Penny stocks are shares that trade in stock markets from a fraction of a penny up to several dollars.
They are much riskier than the average investments, but sometimes can have a rewarding potential. Indeed, a few penny stocks have gone from i.e. 20 cents to $10.00, while others have become completely worthless.
Many investors like penny stocks because it does not take a big cash outlay to get started.
The upside of penny stocks is the ability to turn a small investment into a "fortune."
The downside is the greater risk, big volatility of the shares, and the total lack of corporate transparency.
There are many risks associated with trading penny stocks. In many cases these risks can be mitigated or avoided altogether, but there is always a great chance of losing money.
Never buy penny stocks that you heard about for free:
By far, the biggest danger to penny stock investors is free stock picks. They come by phone, through e-mail spam, and even by fax. In many cases, a carefully crafted and fostered "rumor mill" alerts you to a penny stock through a friend who knows a friend of a guy ...
Never buy stocks you heard about through an unsolicited e-mail or phone call ...
Never buy picks from a FREE newsletter ...
In most cases, the penny stock company is paying people to promote their stock. They mislead you as to the prospects and potential of the company. If they were so good, why would they need to pay for investor awareness?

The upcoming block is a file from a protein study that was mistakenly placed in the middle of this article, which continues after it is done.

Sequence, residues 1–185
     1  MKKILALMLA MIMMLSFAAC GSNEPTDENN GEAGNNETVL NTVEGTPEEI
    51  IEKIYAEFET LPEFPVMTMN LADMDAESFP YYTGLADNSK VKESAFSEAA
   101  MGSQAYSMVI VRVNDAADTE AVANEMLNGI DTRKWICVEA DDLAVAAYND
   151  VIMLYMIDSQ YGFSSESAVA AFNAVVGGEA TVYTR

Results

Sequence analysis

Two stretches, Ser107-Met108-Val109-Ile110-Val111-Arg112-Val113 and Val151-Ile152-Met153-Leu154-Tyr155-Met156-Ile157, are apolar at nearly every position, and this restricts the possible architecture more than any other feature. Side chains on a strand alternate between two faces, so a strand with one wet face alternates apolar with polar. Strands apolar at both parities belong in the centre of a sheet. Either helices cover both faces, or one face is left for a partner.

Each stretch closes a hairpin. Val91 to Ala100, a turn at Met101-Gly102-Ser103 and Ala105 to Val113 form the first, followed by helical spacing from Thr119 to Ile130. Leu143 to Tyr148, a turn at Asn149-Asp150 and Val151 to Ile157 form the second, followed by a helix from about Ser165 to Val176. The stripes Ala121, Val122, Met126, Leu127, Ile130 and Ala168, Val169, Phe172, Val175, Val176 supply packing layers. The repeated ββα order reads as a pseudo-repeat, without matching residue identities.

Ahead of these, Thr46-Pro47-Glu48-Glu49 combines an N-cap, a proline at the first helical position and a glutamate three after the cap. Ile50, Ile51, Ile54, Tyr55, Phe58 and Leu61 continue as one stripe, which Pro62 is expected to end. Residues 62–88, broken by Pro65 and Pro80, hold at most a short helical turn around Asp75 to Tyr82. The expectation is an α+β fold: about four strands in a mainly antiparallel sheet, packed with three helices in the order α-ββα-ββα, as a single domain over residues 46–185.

Besides the above risks for penny stock traders, there are other common pitfalls to watch out for:
The company does not furnish regular financial reports.
Solution: Stick to trading penny stocks listed on the premiere exchanges (Nasdaq SmallCap, Nasdaq National, AMEX, and some OTC-BB. Avoid most OTC-BB and all Pink Sheet stocks.)
The stock trades very few shares per day, and there is little investor interest.
Solution: Focus on higher volume penny stocks, or those with greater investor interest. You can tell by daily trading volumes if a stock may be problematic. Look for at least 20,000 shares traded per day, but the more, the better.
How do you know what information to trust? Companies have been known to "exaggerate" their situation.
Solution: Make sure you do your own due diligence on the companies, or get leads about great penny stock companies from a proven newsletter or service.
The best scenario involves doing your own research on penny stocks that you have been alerted to through a professional service, and only getting involved after you have looked into the company.
When you are getting started, you should keep your investment amounts low. Don't put all your money into one stock, and when you do invest make sure that you understand the company and have a good reason to think the shares will increase in price.
You may even want to try "practice trading" with fake money before you start with actual cash. Watch the stocks of a few of your favorite companies for a few weeks, to get a feel for the market.
Most Importantly, Be Honest with Yourself!
If you know you won't or can't do the research required to pick good penny stocks, you should either give up on the idea altogether, or get the assistance of a professional stockbroker.